Council’s Director City Futures Kylie Powell recently took part in a panel discussion at the 3rd Annual Western Sydney Aerotropolis Summit.

The discussion centred around “Continuing Commitment to the Aerotropolis” to stimulate economic growth, employment opportunities, improve liveability and strengthen tri-government collaboration.  
Read more.

Pictured: Council’s Director – City Futures Kylie Powell recently spoke at an aerotropolis summit where she highlighted the local government collaboration supporting Western Sydney.
$80 million investment in ‘mega shed’
Glass bottle manufacturing assembly line

A 50,000sqm warehouse will be built by Cadence Property Group next to the existing O-I manufacturing facility in Andrews Road, Penrith, allowing O-I to expand operations.

The $80 million development, approved by Council in June, has been described by the Financial Review as a ‘mega shed’ and will help the glass maker to reduce its transfer costs and its carbon emissions. 
Read more.

Pictured: Mega investment - Cadence Property Group will build an $80 million next door to the existing O-I Glass manufacturing facility.
Learn more about Airport opportunity
Aeroplane silhouette side view

The Forum On Western Sydney Airport (FOWSA) will open their next meeting to the public and also host a drop-in information session at Campbelltown RSL on Saturday 7 September.

The Western Sydney International Airport is projected to open in 2026. It is expected to drive growth in population, jobs and the economy and will be delivered alongside important infrastructure, including the North South Rail Link. Planning and delivery of the airport is continuing, with a recent milestone of one million cubic metres of earth moved. Read more.

Pictured: Plane on a runway
What’s in the Deal?
Group of staff smiling

Signed in 2018, the Western Sydney City Deal is delivering across a wide range of areas for residents in the region. This includes $170m for new and upgraded parks, sports facilities and public works.

Council recently joined leading government agencies to run a pop-up City Deal Community Engagement booth in Penrith last month.

The pilot program of pop ups was organised by the Greater Sydney Commission’s Western Sydney City Deal Delivery Office and brought together representatives from the Commission, Council, Sydney Water, NSW Planning, Transport for NSW and the Department of Infrastructure, Transport, Cities and Regional Development.  Read more.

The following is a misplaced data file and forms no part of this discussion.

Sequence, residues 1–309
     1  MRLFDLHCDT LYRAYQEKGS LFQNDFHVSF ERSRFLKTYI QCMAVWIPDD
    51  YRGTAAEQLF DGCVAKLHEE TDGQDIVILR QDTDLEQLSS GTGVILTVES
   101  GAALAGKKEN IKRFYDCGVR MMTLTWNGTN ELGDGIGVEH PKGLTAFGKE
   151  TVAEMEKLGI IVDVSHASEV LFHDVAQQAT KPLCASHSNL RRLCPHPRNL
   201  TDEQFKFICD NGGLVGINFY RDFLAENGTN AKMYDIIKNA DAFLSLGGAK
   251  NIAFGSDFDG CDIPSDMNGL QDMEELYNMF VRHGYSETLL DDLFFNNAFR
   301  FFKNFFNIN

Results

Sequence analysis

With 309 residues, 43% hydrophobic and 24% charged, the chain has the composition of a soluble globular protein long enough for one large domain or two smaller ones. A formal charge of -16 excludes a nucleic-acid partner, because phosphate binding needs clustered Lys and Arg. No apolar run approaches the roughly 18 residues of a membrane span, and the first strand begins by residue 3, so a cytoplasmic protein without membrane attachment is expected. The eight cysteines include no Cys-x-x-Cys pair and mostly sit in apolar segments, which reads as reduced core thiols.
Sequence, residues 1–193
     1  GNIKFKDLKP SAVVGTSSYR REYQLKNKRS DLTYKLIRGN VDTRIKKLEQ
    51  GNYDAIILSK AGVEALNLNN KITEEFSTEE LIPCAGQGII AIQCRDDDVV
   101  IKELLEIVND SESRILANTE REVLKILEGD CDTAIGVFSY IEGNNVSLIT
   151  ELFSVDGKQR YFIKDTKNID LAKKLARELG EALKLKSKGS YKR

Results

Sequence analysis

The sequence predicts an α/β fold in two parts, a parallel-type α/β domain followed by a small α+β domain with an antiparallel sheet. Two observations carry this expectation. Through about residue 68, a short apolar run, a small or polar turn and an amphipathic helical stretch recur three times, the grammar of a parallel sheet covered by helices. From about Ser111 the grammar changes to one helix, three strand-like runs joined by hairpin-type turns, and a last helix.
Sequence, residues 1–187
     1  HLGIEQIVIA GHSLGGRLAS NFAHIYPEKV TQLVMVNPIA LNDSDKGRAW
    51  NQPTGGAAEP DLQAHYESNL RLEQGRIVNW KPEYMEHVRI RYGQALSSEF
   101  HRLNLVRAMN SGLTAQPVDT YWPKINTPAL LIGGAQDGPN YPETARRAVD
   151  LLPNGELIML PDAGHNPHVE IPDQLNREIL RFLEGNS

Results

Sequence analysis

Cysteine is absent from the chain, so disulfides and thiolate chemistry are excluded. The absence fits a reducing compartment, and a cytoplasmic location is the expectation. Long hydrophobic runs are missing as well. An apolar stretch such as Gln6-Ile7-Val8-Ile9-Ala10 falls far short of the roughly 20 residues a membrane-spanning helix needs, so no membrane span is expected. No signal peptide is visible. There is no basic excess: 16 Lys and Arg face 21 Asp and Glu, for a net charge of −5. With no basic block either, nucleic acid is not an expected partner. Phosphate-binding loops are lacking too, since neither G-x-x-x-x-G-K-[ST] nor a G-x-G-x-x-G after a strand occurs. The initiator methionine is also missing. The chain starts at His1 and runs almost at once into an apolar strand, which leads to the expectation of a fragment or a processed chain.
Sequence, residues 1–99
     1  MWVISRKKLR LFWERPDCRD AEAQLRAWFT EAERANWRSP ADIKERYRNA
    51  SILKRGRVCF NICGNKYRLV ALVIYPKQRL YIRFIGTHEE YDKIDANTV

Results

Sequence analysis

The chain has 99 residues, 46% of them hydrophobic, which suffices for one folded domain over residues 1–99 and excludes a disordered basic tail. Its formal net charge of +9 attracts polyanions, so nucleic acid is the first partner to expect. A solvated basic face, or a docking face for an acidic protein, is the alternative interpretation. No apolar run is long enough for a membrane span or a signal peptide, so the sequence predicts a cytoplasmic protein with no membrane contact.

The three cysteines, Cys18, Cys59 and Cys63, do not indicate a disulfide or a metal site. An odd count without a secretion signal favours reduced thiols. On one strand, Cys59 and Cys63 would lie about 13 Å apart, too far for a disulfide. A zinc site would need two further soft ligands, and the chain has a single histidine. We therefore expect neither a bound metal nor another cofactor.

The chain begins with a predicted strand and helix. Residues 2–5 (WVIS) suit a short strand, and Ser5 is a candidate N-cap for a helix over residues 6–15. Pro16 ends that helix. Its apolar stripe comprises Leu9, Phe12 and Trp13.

Pictured: Window into the Deal - Council staff joined other government agencies to answer questions from a pop-up City Deal Community Engagement booth in Penrith.
Land sale spells investment opportunity

The recent sale of 47-hectares of employment land adjacent to the North Penrith industrial precinct highlights the amazing level of opportunity in our City.

With a frontage of almost 900m and direct access from both Old Castlereagh Road and Lugard Street, realtor Macquarie Commercial Penrith described the site and the sale as one of the largest employment land transactions in the Western Sydney region.  Read more.

Pictured: Recently sold - This 47ha site on Old Castlereagh Road will open up a range of possibilities for businesses looking to establish a presence in Penrith.
WSU hot favourites in solar race

The Western Sydney University Solar Car Team launched ‘Unlimited 3.0’, their brand-new solar car on Wednesday 7 August.

Penrith Council is proud to have been a sponsor of the solar car team for a number of years, showcasing the engineering and design talents found here in Western Sydney to the rest of the world.

The car will compete in the Bridgestone World Solar Challenge in October this year, a gruelling 3,000km race from Darwin to Adelaide using nothing but the sun for power. Read more.

Pictured: The big reveal - Penrith Council is a proud sponsor of the Western Sydney University Car Team unveiled its new solar car – Unlimited 3.0. Image: Sally Tsoutas
Local research unlocks clue to deadly flu
Associate Professor Benjamin Tang